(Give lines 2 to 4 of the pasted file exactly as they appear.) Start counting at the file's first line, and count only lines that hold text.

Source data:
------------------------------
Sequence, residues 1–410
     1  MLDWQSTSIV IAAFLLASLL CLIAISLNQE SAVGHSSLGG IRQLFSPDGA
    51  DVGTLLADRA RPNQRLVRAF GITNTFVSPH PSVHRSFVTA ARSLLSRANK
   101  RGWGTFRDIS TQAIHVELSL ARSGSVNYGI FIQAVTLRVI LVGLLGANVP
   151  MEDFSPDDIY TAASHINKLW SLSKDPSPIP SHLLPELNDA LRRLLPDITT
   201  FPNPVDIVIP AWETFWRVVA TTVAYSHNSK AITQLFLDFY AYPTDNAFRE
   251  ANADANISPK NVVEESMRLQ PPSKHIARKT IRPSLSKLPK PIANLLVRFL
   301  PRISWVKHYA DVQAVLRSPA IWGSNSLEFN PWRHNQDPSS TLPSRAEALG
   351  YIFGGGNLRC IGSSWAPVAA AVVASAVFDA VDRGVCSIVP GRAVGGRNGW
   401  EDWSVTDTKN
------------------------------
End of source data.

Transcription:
     1  MLDWQSTSIV IAAFLLASLL CLIAISLNQE SAVGHSSLGG IRQLFSPDGA
    51  DVGTLLADRA RPNQRLVRAF GITNTFVSPH PSVHRSFVTA ARSLLSRANK
   101  RGWGTFRDIS TQAIHVELSL ARSGSVNYGI FIQAVTLRVI LVGLLGANVP